Responses to the Coup d'etat in Honduras on Sunday June 28, with special emphasis on producing English-language versions of commentaries by Honduran scholars and editorial writers and addressing the confusion encouraged by lack of basic knowledge about Honduras.

Monday, November 30, 2009

Mayoral race in San Pedro Sula

San Pedro Sula, a city with an estimated population of 1 million to 1.5 million people, voted for a new mayor yesterday.

In a 1 million person population we'd expect 50.7 % to be of voting age, or 507,000 eligible voters, according to the TSE's own statements about the Honduran population. So what actually happened in San Pedro Sula, where yesterday there was public demonstration against the coup, and police repression of these demonstrators and of independent radio?

Expected turnout for San Pedro Sula, using the TSE's claim late Sunday of 61.3% participation, would be something like 307,ooo votes.

At 10 PM, the TSE's presidential vote tally had supposedly covered 61.86% of the votes.

Checking the math there to be sure this percentage is accurate, the reported total counted at that point of 1.716 million presidential ballots out of 4.6 million eligible voters of whom 61.3% were expected to vote matches this claimed percentage counted fairly well.

Unless something odd happened, we might thus expect that reports of other races at the same time would include the majority of the votes cast.

Yet La Prensa, last evening, in its Minute By Minute column, reported on far fewer than 100,000 votes for mayor of San Pedro Sula at the same time.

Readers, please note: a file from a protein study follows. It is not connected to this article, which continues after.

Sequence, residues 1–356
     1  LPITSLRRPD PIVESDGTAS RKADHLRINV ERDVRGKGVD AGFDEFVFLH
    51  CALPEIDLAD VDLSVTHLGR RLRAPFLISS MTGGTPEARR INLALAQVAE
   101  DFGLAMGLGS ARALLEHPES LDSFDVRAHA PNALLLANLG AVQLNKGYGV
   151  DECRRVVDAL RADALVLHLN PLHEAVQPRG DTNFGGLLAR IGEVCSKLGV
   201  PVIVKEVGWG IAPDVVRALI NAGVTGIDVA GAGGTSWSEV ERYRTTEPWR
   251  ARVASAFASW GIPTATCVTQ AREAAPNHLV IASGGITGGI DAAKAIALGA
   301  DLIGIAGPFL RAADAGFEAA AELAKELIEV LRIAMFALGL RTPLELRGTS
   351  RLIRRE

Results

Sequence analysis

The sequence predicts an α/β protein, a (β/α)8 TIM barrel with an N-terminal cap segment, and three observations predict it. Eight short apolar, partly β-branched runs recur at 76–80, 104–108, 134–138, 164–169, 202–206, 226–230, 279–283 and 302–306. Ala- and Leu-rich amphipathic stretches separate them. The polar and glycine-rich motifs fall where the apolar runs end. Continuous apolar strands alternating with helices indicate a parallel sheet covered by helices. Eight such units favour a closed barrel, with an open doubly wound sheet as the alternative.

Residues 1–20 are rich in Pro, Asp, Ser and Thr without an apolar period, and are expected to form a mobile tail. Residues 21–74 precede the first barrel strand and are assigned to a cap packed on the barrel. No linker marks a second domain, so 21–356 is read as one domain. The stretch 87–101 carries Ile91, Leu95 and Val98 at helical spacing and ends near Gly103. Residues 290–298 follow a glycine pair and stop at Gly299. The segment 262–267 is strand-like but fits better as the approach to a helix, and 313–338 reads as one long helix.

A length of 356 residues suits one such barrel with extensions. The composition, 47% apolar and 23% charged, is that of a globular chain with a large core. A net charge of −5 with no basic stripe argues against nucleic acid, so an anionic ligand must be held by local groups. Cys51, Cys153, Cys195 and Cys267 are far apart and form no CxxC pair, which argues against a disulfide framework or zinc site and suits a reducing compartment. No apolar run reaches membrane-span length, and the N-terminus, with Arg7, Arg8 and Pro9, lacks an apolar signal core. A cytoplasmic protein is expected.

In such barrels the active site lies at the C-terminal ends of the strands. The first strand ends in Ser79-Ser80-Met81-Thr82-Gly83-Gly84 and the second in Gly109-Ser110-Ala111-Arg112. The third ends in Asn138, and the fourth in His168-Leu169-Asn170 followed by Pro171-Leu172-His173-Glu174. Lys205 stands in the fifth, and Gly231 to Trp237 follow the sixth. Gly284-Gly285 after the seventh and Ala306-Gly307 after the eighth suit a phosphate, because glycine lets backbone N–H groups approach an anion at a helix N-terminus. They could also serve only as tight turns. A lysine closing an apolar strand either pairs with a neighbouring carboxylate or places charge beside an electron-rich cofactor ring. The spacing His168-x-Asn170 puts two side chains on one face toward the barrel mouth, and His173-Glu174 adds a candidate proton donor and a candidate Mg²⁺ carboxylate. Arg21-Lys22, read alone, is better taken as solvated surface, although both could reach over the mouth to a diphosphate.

The results presented last night, on the basis of which the election for mayor was called, were:

Juan Carlos Zuniga (Liberal party) 33,185
Tuky Bendaña (Nationalist party) 29,796

This is a total of 62,981 votes.

Unless you want to claim that fewer people voted for Mayor than voted for President--the opposite of which was true in the last election-- the implication is that turnout in San Pedro was heading to be somewhat less than the 307,000 voters the TSE turnout estimates would claim.

How would San Pedro's reported numbers match up to the more modest (and we think, more believable) turnout estimates of the official exit polling? Remember that they said participation rates were just 47.6% of eligible voters.

This would lead us to expect ca. 240,000 voters in San Pedro Sula yesterday.

If the same proportion of votes were counted in San Pedro Sula by 10 PM, then we would expect something like 150,000 votes to have been reported.

Let's go further, and assume the registered level of null and void votes as were seen nationally (6.38%); we still would have expected to see about 140,000 votes reported.

Now, maybe they count the votes from the other races differently, or more slowly, or the precincts sampled for the national election somehow under-represent voting in San Pedro Sula.

But we will be watching to see what the final vote for mayor of San Pedro Sula actually is. And we suggest this kind of attention to local races will be well worthwhile for others as well.

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